Linked by Eugenia Loli on Sat 10th Jul 2004 02:03 UTC, submitted by anonymous coward
Slackware, Slax The long-awaited Slackware 10 release has hit the streets, so to speak. Though Patrick Volkerding's Slackware wasn't the very first Linux distribution (it was originally based on the SLS distribution) it has outlived all of its predecessors. First released on July 16, 1993, Slackware has come a long way since its floppy-based origins -- though in some ways, it has also remained very much the same. More here...
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Slackin to the day I die. . . .
by Jonathon on Sat 10th Jul 2004 02:15 UTC

or slackware dies. Whichever comes first. ;)

Slack is a great desktop
by Cal on Sat 10th Jul 2004 02:40 UTC

I have slack running on my laptop, and I really enjoy it. It dual boots with Win2000 with no problem, although I don't really use Windows anymore. I liked it so much that I was going to use it on my desktop, but slack 10 simply refused to install properly. I'm a relativly new linux user and just didn't have the expertise to make it work. So I tried Fedora Core 2. Fedora is pretty good and I enjoy it, but I really liked the simple .tgz package system of slack. RPM works but I have had a lot of trouble with libraries, that I never had with slack. I also really like http://www.linuxpackages.net/ that only supports slack, and I just havn't seen anything simular for fedora. Despite its reputation, I have found Slack to be a little easier to use/maintain, after the initial installation.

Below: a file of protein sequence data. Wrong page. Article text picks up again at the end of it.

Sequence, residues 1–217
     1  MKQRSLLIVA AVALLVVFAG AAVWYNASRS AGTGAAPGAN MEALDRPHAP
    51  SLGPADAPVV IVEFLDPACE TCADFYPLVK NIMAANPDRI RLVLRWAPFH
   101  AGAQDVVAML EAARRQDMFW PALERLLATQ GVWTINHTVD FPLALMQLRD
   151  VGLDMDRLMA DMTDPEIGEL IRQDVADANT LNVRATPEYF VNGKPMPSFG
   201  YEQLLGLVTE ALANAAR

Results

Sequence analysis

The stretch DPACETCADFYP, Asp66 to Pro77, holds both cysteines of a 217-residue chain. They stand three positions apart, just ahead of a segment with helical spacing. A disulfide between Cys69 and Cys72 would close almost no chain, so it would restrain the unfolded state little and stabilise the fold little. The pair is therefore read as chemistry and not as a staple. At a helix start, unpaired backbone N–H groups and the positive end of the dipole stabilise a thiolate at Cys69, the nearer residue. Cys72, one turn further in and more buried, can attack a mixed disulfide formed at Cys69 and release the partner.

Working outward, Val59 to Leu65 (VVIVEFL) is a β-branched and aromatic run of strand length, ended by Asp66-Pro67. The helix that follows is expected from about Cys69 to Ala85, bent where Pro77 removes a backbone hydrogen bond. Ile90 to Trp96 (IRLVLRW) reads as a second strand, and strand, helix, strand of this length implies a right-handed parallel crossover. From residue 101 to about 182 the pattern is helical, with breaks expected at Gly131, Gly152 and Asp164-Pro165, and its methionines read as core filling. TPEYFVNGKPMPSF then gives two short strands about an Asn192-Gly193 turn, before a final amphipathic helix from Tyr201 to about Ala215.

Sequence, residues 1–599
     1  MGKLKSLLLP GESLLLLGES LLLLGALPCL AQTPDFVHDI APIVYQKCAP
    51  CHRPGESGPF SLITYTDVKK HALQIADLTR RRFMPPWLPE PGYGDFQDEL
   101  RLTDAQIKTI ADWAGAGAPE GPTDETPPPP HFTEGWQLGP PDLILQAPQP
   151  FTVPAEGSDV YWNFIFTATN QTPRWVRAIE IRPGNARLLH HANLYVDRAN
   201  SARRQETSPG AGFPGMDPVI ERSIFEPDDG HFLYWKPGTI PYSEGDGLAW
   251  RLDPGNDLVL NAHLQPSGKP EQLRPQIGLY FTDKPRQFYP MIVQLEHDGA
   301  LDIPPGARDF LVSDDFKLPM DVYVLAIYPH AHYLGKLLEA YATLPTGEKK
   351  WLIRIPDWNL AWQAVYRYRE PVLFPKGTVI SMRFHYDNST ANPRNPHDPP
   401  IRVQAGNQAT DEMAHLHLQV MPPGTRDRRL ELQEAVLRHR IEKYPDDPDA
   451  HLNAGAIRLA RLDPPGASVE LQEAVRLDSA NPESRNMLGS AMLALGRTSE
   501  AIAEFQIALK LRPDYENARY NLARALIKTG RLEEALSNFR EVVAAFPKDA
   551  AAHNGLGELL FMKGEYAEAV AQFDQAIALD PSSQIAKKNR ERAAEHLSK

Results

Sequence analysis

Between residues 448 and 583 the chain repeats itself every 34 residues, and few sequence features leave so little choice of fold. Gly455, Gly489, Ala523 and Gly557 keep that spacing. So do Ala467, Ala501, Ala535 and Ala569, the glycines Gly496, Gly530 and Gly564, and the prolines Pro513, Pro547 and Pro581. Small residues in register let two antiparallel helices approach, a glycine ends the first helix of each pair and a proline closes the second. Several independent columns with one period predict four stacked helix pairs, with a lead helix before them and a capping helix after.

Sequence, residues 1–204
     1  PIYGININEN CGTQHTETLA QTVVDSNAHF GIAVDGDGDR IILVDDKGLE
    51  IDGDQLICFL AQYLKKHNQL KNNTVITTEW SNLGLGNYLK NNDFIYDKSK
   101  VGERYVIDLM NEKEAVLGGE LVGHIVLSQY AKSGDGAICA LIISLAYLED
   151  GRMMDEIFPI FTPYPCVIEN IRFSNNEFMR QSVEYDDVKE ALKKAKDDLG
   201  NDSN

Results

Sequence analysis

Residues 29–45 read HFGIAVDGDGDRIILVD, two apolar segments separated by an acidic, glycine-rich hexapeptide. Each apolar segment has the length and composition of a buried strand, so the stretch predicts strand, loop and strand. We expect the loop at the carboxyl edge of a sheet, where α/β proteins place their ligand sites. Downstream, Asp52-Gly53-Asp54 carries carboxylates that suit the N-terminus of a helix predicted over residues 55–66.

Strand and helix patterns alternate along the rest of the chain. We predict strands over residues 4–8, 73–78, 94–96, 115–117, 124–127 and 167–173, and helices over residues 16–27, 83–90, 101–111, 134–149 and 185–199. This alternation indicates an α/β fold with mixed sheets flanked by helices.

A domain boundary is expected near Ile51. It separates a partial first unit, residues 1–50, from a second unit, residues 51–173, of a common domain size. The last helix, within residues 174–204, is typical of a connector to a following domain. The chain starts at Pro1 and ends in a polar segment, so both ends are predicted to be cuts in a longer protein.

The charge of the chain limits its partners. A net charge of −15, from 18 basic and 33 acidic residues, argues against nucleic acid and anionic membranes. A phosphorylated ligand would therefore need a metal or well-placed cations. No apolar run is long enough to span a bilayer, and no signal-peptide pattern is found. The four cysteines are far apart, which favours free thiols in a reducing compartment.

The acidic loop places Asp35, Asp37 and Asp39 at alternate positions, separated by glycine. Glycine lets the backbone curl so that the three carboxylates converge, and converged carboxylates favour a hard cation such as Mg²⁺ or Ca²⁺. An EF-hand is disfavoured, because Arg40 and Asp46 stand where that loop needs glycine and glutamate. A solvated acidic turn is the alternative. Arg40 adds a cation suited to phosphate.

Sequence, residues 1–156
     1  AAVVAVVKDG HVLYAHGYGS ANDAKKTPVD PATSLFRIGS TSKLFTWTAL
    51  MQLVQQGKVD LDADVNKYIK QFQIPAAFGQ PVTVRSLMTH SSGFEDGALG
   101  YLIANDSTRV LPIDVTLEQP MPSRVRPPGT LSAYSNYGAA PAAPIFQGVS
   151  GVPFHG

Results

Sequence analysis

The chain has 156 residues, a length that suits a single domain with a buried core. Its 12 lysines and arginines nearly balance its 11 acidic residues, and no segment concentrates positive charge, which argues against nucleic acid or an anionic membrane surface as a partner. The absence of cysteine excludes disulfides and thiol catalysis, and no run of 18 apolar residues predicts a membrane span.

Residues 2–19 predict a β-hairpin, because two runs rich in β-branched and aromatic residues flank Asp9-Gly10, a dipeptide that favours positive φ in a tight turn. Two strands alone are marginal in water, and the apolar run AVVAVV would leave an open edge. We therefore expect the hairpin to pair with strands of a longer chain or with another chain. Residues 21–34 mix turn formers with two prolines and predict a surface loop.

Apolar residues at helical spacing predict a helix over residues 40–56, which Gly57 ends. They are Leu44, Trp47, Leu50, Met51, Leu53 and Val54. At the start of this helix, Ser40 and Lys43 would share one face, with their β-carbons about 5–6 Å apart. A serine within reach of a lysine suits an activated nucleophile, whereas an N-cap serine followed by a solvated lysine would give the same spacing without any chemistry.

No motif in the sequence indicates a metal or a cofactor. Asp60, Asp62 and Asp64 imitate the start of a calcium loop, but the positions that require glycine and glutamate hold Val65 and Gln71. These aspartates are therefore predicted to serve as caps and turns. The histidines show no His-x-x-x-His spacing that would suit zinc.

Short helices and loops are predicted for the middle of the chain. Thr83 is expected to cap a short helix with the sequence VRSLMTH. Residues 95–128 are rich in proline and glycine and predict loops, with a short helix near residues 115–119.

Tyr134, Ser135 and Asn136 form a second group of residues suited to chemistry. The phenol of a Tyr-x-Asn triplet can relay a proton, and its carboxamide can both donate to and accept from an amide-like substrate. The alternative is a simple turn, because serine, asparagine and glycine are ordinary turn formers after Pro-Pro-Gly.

Slackware makes you earn its respect
by Vladimir Kirov on Sat 10th Jul 2004 02:54 UTC

I cut my teeth on Mandrake, and despite being targeted to Linux neophytes, I look back on those days and only remember how difficult it was. For me, RPM hell simply replaced dll hell with *doze. I have been Windows free for almost 3 years, and for the last 2.5, it's been slack all the way. Package management is as simple as it should be; one command to install, and that's it.
The distro itself runs with the elegance and class that Linux was intended to be. I have successfully converted twelve Micro$oft drones to Slackware, and they have, in turn, enlightened others.